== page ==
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Accepting nuclear and gas as ”green” (or even ”amber”) would jeopardise the credibility of the entire European Green Deal

Granting nuclear and fossil gas the label of sustainability would undermine the EU’s climate targets, divert much-needed green investments in Central and Eastern Europe and jeopardise the credibility of the entire European Green Deal

Gas and nuclear: a lose-lose scenario for Eastern Europe, https://www.forbes.com/sites/jamesconca/2021/12/17/nuscale-nuclear-developer-goes-public-with-a-spac-but-nrc-is-still-a-drag/?sh=6afeedc82c0d EU Observer,  By PATRICK TEN BRINKBRUSSELS, 16. DEC, 21  After a year-long fight over the classification of fossil gas and nuclear energy under the EU taxonomy, the Delegate Act defining whether they’re considered as a sustainable investment will finally be released next week by the European Commission.

Yet a last major battle is taking place this Thursday (16 December) in Brussels. The 27 EU leaders will have a final word at the last European Council of the year on whether fossil gas and nuclear should be part of the EU list of environmentally-sustainable economic activities.

The battle lines are drawn: on one side France supporting nuclear with Poland, the Czech Republic and other Eastern partners who, for the most part, are for the inclusion of fossil gas in the EU green labelling; on the other side Italy, Spain, Denmark, Austria and Luxembourg, who are clearly opposed to considering any of them as a sustainable investment.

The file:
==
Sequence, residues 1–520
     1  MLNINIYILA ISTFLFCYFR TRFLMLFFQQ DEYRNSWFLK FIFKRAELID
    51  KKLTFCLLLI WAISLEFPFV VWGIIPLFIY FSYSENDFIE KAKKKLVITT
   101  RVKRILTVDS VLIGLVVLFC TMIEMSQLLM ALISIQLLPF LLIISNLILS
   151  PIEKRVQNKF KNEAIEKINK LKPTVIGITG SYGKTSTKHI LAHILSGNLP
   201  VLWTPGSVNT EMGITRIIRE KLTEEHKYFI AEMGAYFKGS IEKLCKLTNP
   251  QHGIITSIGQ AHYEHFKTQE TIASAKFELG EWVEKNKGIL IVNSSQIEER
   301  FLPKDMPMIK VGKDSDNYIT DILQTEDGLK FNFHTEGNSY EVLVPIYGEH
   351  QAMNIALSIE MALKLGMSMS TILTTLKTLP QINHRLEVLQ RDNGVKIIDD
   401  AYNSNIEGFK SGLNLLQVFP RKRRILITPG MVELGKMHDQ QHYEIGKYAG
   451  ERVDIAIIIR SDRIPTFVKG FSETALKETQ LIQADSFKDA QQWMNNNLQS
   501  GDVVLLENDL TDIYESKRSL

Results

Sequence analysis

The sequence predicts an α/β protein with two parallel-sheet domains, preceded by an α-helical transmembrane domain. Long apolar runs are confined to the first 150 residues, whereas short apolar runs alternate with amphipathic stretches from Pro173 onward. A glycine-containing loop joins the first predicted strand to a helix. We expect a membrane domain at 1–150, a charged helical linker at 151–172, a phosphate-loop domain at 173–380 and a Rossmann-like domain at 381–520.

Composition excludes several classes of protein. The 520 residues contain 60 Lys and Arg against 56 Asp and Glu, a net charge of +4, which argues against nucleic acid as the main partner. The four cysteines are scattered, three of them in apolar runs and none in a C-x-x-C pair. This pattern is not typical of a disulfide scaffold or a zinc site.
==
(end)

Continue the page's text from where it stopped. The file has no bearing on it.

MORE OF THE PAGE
Paradoxically, central and eastern European governments have been very vocal in advocating for the inclusion of fossil gas on the EU green investment list, while they have most at stake in terms of climate, energy prices and energy sovereignty……………………………..

Nuclear gamble ‘does harm’

The potential contribution of nuclear power to reducing greenhouse gas emissions is as clear as its non-sustainable nature due to severe safety risks, environmental pollution, huge time investment and the unsolved waste problem.

Several inherent risks of nuclear energy, from the disaster potential, to waste management over hundreds of thousands of years, or uranium mining, were not properly addressed in the broadly-criticised report of the Joint Research Centre commissioned by the European Commission to back a decision on the EU taxonomy. It seems obvious that the current nuclear technology cannot ensure the “do no significant harm” EU principle.

Economically, investing in new nuclear plants does not pay off. Newly added capacities are not realistic due to high investment, competition of renewables and time costs.

For example, the Catalan government estimated that with the same budget of 19 billion euros used for the construction of the new nuclear reactor Flamanville 3 in France, they could invest in photovoltaic solar energy that would generate around 5 times more electricity and be operational in a quarter of the time.

Granting nuclear and fossil gas the label of sustainability would undermine the EU’s climate targets, divert much-needed green investments in Central and Eastern Europe and jeopardise the credibility of the entire European Green Deal……… https://euobserver.com/opinion/153831

December 18, 2021 - Posted by | climate change, EUROPE

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